NSE NRI Trading
More on NRI Trading
NSE NRI Trading has been gathering a lot of interest lately. With a major chunk of policies working towards Investments in India, correspondingly a larger chunk of the NRI population is looking to make the most of these opportunities in the Indian stock market.
However, most of them are unaware of how to proceed in this direction.
When you are talking about trading in securities or equities, every person must be aware of the Dos and the Dont’s of the market. Without them, even a safe investment can turn into a risky one.
This is why we will discuss all aspects of NSE NRI trading in this detailed guide for you. You will know how to start and how to go about it while taking care of even the smallest and the most minute intricacies involved.
Are You Qualified for NSE NRI Trading?
To begin discussing NSE NRI Trading and then later opening an NRI Demat Account, let us first understand who is classified as an NRI and is eligible for NSE NRI Trading:
A Non-Resident Indian (NRI) is a person who is a citizen of India but resides in another country, and if not a citizen of India, he is a person of Indian origin.
The qualification of a person as an NRI is set by FEMA regulations. If you are doubtful that you classify as an NRI or not, you can check their regulations.
It is important to note that any person of Indian origin is also entitled to NSE NRI Trading. To qualify as a Person of Indian Origin, you need to fulfil any one of the below criteria:
- The person must have had an Indian passport at any time
- The parents or any of the grandparents of the person are (or were) a citizen of India.
- The person is a husband or a wife of an Indian citizen, or a citizen that qualifies as a person of Indian origin through points a or b.
NSE NRI Trading Investment Products
When you are an NRI, you are given a lot of freedom to invest in a diverse range of sectors.
To start with, NRIs doing NSE NRI Trading can buy shares or convertible debentures of any company that is listed in India through the National Stock Exchange (NSE).
If this is done under the Portfolio Investment Scheme, you can choose the mode between repatriation of funds or non-repatriable funds basis.
Further, you are not just limited to company shares. There are other areas to invest in as well. These include:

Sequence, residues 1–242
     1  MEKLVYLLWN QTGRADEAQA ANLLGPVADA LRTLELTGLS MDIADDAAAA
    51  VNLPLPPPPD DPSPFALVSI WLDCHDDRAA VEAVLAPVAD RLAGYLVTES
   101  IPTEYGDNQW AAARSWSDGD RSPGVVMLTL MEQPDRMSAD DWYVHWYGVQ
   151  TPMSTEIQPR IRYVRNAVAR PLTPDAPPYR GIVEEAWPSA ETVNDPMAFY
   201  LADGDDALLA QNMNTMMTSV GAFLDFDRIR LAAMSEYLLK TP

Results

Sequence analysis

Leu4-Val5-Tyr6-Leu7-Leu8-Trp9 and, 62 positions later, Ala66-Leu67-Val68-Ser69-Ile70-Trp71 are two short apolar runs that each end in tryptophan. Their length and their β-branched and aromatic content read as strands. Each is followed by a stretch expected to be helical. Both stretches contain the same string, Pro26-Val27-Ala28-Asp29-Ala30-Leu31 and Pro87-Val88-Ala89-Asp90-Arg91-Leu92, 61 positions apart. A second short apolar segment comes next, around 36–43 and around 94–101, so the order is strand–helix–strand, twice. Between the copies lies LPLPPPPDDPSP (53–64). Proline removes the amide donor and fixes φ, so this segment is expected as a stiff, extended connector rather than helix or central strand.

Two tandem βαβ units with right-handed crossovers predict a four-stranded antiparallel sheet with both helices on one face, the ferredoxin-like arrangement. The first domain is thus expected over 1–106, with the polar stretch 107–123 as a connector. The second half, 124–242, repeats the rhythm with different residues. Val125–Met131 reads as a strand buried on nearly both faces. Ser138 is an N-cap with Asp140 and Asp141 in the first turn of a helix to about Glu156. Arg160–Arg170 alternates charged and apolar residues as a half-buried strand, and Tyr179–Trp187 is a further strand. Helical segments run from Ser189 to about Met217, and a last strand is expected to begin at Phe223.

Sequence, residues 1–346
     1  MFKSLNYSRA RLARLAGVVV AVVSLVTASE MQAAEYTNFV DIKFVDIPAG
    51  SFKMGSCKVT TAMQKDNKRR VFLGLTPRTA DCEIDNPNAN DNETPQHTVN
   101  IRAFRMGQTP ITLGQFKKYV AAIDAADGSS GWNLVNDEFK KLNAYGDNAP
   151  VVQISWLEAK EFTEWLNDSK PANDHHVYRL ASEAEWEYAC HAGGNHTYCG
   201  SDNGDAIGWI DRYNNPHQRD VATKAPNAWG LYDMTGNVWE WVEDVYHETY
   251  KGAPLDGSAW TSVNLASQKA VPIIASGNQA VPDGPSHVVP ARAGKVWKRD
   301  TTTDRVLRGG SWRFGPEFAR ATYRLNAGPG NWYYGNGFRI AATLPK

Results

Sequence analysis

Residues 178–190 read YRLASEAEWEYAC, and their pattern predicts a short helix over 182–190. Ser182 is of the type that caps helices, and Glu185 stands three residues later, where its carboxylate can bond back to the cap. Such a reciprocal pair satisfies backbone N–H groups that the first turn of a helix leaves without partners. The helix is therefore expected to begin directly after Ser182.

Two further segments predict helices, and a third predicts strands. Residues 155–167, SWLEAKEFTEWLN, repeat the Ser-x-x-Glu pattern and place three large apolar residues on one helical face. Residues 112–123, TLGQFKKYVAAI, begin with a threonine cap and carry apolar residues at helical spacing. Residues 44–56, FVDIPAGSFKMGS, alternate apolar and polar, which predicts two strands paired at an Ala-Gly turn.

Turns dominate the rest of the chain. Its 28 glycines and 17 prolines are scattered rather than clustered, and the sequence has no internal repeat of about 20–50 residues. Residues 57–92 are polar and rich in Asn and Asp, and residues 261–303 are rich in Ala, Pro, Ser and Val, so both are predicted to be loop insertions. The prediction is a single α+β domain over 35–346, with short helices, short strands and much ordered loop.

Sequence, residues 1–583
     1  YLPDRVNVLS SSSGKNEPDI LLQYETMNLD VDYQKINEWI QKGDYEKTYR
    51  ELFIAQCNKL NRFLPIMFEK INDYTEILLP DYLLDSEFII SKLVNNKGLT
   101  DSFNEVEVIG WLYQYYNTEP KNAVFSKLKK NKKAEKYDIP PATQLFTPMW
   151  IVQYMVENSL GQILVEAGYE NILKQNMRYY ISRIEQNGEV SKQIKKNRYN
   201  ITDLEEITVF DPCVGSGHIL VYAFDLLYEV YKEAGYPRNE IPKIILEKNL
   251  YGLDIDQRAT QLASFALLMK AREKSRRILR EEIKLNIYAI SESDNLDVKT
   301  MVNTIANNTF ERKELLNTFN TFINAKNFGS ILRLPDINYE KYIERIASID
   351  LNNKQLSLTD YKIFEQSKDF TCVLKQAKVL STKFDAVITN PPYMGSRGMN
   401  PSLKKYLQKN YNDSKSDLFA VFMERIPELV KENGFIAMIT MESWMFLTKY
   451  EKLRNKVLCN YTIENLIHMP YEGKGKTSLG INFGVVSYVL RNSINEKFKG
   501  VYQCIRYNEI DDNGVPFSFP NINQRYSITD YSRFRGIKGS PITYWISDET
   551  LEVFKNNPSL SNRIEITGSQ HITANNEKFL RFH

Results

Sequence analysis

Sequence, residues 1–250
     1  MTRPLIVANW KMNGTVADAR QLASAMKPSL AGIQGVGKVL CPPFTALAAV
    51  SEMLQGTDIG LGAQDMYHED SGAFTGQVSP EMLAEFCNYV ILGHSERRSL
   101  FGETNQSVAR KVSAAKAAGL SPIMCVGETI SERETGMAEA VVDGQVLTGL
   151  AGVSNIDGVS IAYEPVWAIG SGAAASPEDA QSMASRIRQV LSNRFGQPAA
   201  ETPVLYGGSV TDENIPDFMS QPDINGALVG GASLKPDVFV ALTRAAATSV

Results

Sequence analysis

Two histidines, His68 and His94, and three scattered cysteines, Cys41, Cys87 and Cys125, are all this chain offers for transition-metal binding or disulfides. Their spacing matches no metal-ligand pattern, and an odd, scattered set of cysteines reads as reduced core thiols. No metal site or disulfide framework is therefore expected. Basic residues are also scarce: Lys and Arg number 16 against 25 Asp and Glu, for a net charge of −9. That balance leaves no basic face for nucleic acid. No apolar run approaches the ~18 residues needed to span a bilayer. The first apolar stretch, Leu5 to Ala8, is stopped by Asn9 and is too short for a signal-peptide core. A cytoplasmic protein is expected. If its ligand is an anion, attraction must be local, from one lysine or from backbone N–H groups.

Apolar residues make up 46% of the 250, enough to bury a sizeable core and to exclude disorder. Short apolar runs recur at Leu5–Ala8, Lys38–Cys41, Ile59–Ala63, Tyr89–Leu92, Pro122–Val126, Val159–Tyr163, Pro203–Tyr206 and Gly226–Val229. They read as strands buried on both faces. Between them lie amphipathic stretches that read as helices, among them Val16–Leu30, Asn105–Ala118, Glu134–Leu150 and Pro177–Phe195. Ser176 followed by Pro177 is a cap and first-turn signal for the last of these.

- Government Securities (dated, cannot be bearer securities) or treasury bills
- Domestic mutual funds (in units)
- Any bonds that are issued by Public Sector Undertaking (PSU) based in India.
- The shares of any Public sector companies that are being disinvested. This is done by the Government of India.
Further, NRIs can also invest in Exchange Traded Funds (ETFs). An exchange-traded fund is a collection of securities (for example, stocks) which constantly tracks an underlying asset.
The best part is that for ETFs, they can trade on repatriation as well as non-repatriation basis.
At the same time, it really depends on the country you are currently residing in. For example, a major chunk of stockbrokers do not allow any other investment products other than Equity and there are others, who would allow you to trade in Equity Delivery or NRI Trading in Derivatives ONLY!
How to do NSE NRI Trading?
The best method to do NSE NRI Trading in India is through the Portfolio Investment Scheme (PIS). It is a scheme that was laid out by the RBI to facilitate NSE NRI Trading in India.
Although, you can do NRI Trading Without PIS as well.
Under this scheme, an NRI will have to open a PIS account with the branch of any bank that is approved by the RBI for PIS. This PIS account can be of two types:
NRE Account: NRE is an abbreviation of Non-Resident External account. The funds in this account are fully repatriable to the country of residence of the NRI. Further, there are no tax deductions on the interest in this type of account.
For more information, you can check this detailed review on NRI Share Trading Tax.
NRO Account: NRO is an abbreviation of Non-Resident Ordinary account. The funds in this account are held on a non-repatriable basis. If an NRI wants to shift these funds to a foreign bank account, they will need to get the permission of the RBI.